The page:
Outlook.com Premium is an affordable way to set up an online identity with a custom domain. But there are a few gotchas to know about.
Note: Outlook.com Premium is especially affordable if you sign-up for this service before the end of March 2017. And not just this year: Microsoft notes that if you sign up now, “your subscriptions will auto-renew annually at $19.95 (Outlook.com Premium) and $10 (Custom Domain).” That’s a $20 savings over the price if you wait past March.
So let’s dive right into this.
As you may know, you can setup a custom domain (like thurrott.com, which, yes, is already taken) at a variety of services, including Google’s G Suite (formally Google Apps) and Office 365 Commercial. (In fact, I do so at each.) What this means is that you can use a domain name of your own choosing rather than a stock domain (outlook.com, hotmail.com, gmail.com and so on) that is owned by the service provider. That way, when you communicate with the outside world, you can use something personal like [email protected] instead of something impersonal like [email protected]
Years ago, Microsoft offered custom domain services through Windows Live. But with the advent of Outlook.com Premium, which publicly debuted this week, the software giant is back at it. You can now sign-up for this service can use your own custom domain with Outlook.com, OneDrive, and Microsoft’s other consumer services.
There are two very important things to know before you get started.
1. To use Outlook.com Premium, you must first have a Microsoft account. That is, you are not creating a new, standalone Microsoft account. Instead, you will use an existing Microsoft account (like thu[email protected], which, no, isn’t a real email address) to create your custom domain.
And that means…
2. The first account you create in that new custom domain will be an alias of your initial Microsoft account. This is different from how custom domains work at G Suite and Office 365 Commercial. What this means is that you will later be able to sign in to Outlook.com using your initial Microsoft account ([email protected]) or your new email address ([email protected] or whatever) at your new custom domain. They are both the same account. And you can choose which account to use each time you send an email.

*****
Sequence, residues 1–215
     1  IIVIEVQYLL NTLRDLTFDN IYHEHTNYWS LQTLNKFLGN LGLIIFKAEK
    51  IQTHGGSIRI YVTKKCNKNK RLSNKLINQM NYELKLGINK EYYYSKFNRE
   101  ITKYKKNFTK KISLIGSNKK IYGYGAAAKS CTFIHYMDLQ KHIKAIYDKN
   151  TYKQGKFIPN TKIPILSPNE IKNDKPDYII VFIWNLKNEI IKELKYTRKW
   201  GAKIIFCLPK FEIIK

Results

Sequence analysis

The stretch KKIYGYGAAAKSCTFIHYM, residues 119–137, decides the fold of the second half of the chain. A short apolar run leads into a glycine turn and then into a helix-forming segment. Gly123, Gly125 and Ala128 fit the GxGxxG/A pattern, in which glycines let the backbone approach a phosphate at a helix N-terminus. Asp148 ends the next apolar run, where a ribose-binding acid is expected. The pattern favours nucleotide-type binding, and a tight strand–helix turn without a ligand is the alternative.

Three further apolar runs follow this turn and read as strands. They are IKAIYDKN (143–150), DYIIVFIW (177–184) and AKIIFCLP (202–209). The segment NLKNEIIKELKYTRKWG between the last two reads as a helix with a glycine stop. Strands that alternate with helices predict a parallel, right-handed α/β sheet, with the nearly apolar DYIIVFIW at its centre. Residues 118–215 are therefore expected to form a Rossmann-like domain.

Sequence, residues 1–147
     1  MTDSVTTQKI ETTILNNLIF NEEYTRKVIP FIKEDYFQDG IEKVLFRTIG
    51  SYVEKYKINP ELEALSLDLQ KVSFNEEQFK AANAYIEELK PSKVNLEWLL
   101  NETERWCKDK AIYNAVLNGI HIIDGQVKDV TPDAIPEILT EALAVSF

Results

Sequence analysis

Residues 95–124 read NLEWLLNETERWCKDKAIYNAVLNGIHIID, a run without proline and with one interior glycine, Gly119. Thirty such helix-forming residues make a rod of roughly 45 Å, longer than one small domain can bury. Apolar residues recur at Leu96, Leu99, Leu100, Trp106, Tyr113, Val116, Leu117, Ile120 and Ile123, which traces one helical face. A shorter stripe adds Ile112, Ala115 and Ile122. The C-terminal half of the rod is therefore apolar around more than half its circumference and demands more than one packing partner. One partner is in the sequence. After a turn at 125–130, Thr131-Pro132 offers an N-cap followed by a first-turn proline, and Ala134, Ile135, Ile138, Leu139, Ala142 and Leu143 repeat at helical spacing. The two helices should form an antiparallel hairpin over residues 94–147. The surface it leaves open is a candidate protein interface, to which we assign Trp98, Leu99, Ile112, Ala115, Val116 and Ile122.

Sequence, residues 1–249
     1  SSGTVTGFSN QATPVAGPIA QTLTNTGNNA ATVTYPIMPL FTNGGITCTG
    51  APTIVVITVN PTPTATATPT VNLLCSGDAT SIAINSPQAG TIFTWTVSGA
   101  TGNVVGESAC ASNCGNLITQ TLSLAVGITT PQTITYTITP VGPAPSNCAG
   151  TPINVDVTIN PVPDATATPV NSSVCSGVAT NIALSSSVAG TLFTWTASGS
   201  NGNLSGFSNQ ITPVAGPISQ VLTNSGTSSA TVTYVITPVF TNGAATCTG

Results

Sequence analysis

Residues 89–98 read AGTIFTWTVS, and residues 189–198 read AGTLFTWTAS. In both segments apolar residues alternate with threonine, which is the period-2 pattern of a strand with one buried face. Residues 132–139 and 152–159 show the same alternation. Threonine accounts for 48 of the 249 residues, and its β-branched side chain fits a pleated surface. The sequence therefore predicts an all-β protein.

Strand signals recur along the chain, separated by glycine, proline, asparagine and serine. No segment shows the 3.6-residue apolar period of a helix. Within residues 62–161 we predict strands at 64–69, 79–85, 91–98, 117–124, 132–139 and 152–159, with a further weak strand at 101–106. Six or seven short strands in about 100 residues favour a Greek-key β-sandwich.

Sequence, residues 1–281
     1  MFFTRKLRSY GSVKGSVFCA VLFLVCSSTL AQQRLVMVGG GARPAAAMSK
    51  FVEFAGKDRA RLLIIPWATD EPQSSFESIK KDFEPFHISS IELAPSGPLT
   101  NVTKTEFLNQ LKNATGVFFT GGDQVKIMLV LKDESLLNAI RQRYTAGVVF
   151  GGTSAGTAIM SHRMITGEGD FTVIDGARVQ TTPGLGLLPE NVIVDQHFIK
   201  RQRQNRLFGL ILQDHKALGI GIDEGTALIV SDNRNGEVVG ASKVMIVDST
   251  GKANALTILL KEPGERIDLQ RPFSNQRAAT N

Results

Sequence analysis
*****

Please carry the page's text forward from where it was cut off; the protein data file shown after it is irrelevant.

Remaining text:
Hopefully, that is clear.
What is clear is that this system has both pros and cons. But the biggest pro is that everything you’ve purchased/subscribed to through that initial Microsoft account will now work with your new custom domain. This is important. If you subscribed to Office 365 Home, for example, it will work. If you purchased apps or games on Xbox or Windows 10, you will be able to sign in with that new account, with its custom domain, and it will work. Again, because that account and your Microsoft account are the same account.
Likewise, any security controls you set up for your Microsoft account—your password, or two-step authentication, for example, or a Microsoft Authenticator app on your phone—will work. When you need a security authorization from your new account, the system you set up for your Microsoft account will work. Again, same account.
Got it? 🙂
In use, Outlook.com Premium works as expected. You can sign-in to Outlook.com with your new custom account, using your Microsoft account’s password. You can send and receive email using this account. All of your old email is there and you can move back and forth between your Microsoft account, your new custom account, and any other aliases such as you did before. It’s all there in one place.
To test this further, I signed-in to the Windows Store app on my Windows 10-based PC using my new Outlook.com Premium account. It worked just fine, though my Microsoft account appears in the app after signing in.
What’s not easy is signing up for Outlook.com Premium, at least if you already own your own domain. I configured this service with an existing domain I have hosted at NameCheap, and the steps you have to go through are bewildering and required a lot of Google searches to figure out where to enter various values so that the domain was correctly pointed at Outlook.com. I suspect that this will be much easier if you purchase the domain through Microsoft. (Note that when you do so, the cost is $10 per year, though the first year is free. This is about the same as the price at NameCheap and other domain registrars.)
(I can document this terrible process if necessary. But it took me over 30 minutes to get this thing up and running.)
I will keep testing Outlook.com Premium, but despite the rough onboarding process—thanks to me already owning the domain—and the unexpected alias nature of that first account, it seems solid. This is an affordable option, and it’s a nice way for a family to get a custom domain and not be stuck with an outlook.com or hotmail.com address.
Tagged with Outlook Premium